Mendes wins FIS race |

Mendes wins FIS race

Racing against the world’s best skiers has cut into something U.S. Ski Team speed racer Jonna Mendes has known since childhood: winning.

The 20-year-old from South Lake Tahoe re-introduced herself to winning at a FIS giant slalom race Saturday in Veysonnaz, Switzerland.

“It’s been so long since I’ve won a race I almost don’t know what to do with myself,” Mendes said. “It definitely came at a good time, though.”

A foot of fresh powder didn’t bother Mendes one bit.

“It was an advantage for me being a California girl. I’ve raced in that stuff all my life,” she said.

Before returning to her hometown for Christmas, Mendes will compete in two super-Gs and a downhill in Switzerland and two super-Gs in Italy.

Shanley keeps Far West grooving

Far West Division skiers continued to dominate the U.S. Freestyle Selection event on Tuesday at Squaw Valley.

Squaw Valley’s Tony Basile, who finished third at nationals last March, placed runner-up to Travis Mayer of Orchard Park, N.Y., in the men’s dual moguls.

However, Laurel Shanley gave Squaw Valley a duals split by surprisingly winning the women’s competition. Shanley’s Squaw Valley teammate Jessica Davis, who was third in Monday’s singles event, came in fourth.

South Lake Tahoe’s Chris Hernandez, who trains at Heavenly Ski Resort, lost to Mayer in the round of eight when the U.S. Ski Team member lost control of his top jump.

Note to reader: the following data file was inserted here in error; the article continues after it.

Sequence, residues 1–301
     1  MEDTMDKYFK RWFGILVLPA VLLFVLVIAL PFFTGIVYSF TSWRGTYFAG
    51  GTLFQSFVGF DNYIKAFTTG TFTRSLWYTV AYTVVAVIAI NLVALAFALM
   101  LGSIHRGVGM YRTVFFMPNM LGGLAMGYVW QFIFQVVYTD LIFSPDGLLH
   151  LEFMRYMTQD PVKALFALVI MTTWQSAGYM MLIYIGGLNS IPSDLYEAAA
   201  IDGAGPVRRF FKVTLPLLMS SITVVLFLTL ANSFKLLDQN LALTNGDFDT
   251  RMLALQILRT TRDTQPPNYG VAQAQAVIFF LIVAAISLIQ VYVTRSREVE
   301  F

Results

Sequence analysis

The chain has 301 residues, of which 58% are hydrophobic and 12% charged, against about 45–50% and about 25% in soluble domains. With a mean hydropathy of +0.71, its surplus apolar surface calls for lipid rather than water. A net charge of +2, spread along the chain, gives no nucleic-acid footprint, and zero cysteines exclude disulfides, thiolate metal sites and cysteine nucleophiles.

“He’s working on his speed, and the mistake he made today was he went too far off the top jump and couldn’t get it back on track,” said Jere Crawford, Heavenly Ski Foundation freestyle coach. “Once he gets his speed down, he will be as good as anybody out there, because he has better technical turns than anybody out there. And, of course, his jumps have always been good.”

Heavenly’s Ryan Hickey lost to Fred Mooney in the round of 32.

“This is a learning event for Ryan,” Crawford said. “He’s still really young, but it’s good to get his feet wet with these really big guns.”

U.S. Ski Team’s Travis Ramos, who won the men’s singles on Monday, and teammate Travis Cabral skipped the duals to focus on Thursday’s second singles competition.

Crawford believes anyone who finished fifth or better on Monday still has a shot at earning the U.S. World Cup spot that presumably goes to the overall winner.

“This is really a big-pressure event. It’s almost more than nationals or World Cup, because this can make or break your season right here,” Crawford said.

The five-day selection competition continues today with the acro competition at 10:30 a.m.

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